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Honour the Child

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BTRT Patterns (on Etsy)

Thursday, 15 April 2010
A natural twist on a spring classic.

Skipping ropes are easy to come by this time of year, but truth be told my daughter needed a lasso.  She uses playsilks for just about everything, but they lack the weight to successfully rope and hog tie a stampeding T Rex or Daddy from the back of Jester, her junkyard reclaimed/ recycled spring horse.

So I made her a lasso that also works as a skipping rope.

I think.  Rowan can't skip yet and I am afraid to try as it has been a few decades!
But we did give it a whirl!

PLEASE do not leave young children unattended with ropes or cords of any sort.  Please use only with supervision for children under 5 or 6 (you know your child best). Play safe!

  • scissors, ruler
  • WOOL yarn (scraps are fine if you are prepared to weave in ends)~ any weight, I suggest worsted or heavier to get a rope with enough thickness for the purpose. If using scraps make sure they are all one weight. In order to felt, you must use wool yarn.
  • needles (DPNs are ideal, though regular needles will work) I used worsted yarn and 7 mm needles. It is an inexact science!
Most skipping ropes for play are approx. 7' long.
In order to allow for some shrinkage with felting + handles, knit 7+ feet (that is one long i-cord!).
7' is a LOT of rope for my 4.5 year old at a height of 42".
Adjust accordingly.

Step 1: Knitting the I-Cord
Cast one 4-6 stitches and begin to create an i-cord in knit.
New to i-cords? Use your favourite online knitting resource for instructions and videos.
Try this one or this one.
Continue knitting, changing colours as you desire (be careful to weave in the colour change to prevent holes or gaps).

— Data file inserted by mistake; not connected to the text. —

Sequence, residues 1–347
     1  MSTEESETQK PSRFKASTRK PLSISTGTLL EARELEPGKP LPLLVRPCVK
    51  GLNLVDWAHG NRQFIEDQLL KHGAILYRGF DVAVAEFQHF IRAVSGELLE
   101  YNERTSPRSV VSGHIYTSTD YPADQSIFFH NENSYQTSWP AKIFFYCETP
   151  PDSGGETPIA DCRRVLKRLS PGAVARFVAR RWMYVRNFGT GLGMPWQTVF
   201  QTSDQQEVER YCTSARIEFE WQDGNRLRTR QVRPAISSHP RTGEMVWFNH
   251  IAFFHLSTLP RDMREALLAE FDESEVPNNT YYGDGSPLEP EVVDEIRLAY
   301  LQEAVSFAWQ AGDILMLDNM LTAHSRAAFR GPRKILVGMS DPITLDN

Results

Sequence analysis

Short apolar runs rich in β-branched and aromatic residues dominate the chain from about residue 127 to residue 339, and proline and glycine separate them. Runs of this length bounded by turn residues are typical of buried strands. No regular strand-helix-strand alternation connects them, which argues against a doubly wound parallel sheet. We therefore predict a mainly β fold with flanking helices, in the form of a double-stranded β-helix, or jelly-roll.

Step 2: Finishing the I-Cord
Knit to the desired length.
Bind off in knit.
Weave in all ends.

Step 3: Handles
Fold over each end of the rope to create a handle.
Tie in place with wool yarn.
I made my handles with a 3" opening. Never make them large enough for a child's head to pass through.
This meant folding over roughly 4.5" of rope and stitching it down.
Then wrap the juncture with wool yarn and stitch in place, again with wool yarn so it will felt with the rope.
For an older child you may want to embellish your handles after felting: beads, tassles and other fun stuff!

Step 4: Felting
I use a top loading machine for felting.
I understand front loaders will work, but you may want to look up special instructions for machine felting with a front loading machine.
**Place your rope in a lingerie/ net bag or a tied off pillow case to prevent 7+ feet of rope snaking its way around the innards of your washing machine!**
Toss it into the machine. 
Add a pair of jeans, old canvas shoes or anything that will act as a beater to help the felting process.
Being long and thin it may take more than one cycle to get your rope to felt up to your tastes.
Yes, I use rubber duckies. I don't know how we ended up with so many. It makes me giggle!

Run the HOT cycle.
Add a capful of dish soap NOT laundry soap.
I usually pull my items out after the hot wash cycle to check their progress.  If the rope needs more felting, rather than proceed with the cold rinse, restart the hot wash portion of the cycle.  When it is felted as you would like it, let the machine finish out the cycle.
Massage and smooth out any bumps or rough parts with your hands.
Lay flat to dry (don't hang as it may stretch the rope).
Check your handles, they may need a security stitch following their felting.

Step 5: Skipping!
Or Lassoing, as your needs require.

Have fun!
I'd love to see pictures!

Copyright Lori Campbell, 2010.
Copyright protects my images and instructions.  Feel free to make and share skipping ropes for friends and family.  Not for commercial use.  No part of this document may be reproduced, altered or sold for profit.
Share and play nice ♥ Thank you.



I love this! So amazing!

Mari-Ann said...

Fantastic! Thank you for sharing this! My boy is too young for a jump rope, but I will bookmark this for later. Also, just found you on FB and became a fan - what a great blog you have!

Queen of the Butterfly Ball said...

Oh! This looks like something we "must" make here! My boys will love this! Thanks for the tutorial!

" me " said...

what an excelent idea!

Anonymous said...

Hi..This question is a few years too late, but I'll ask anyways. Can this rope be made by finger knitting wool and then felting it?

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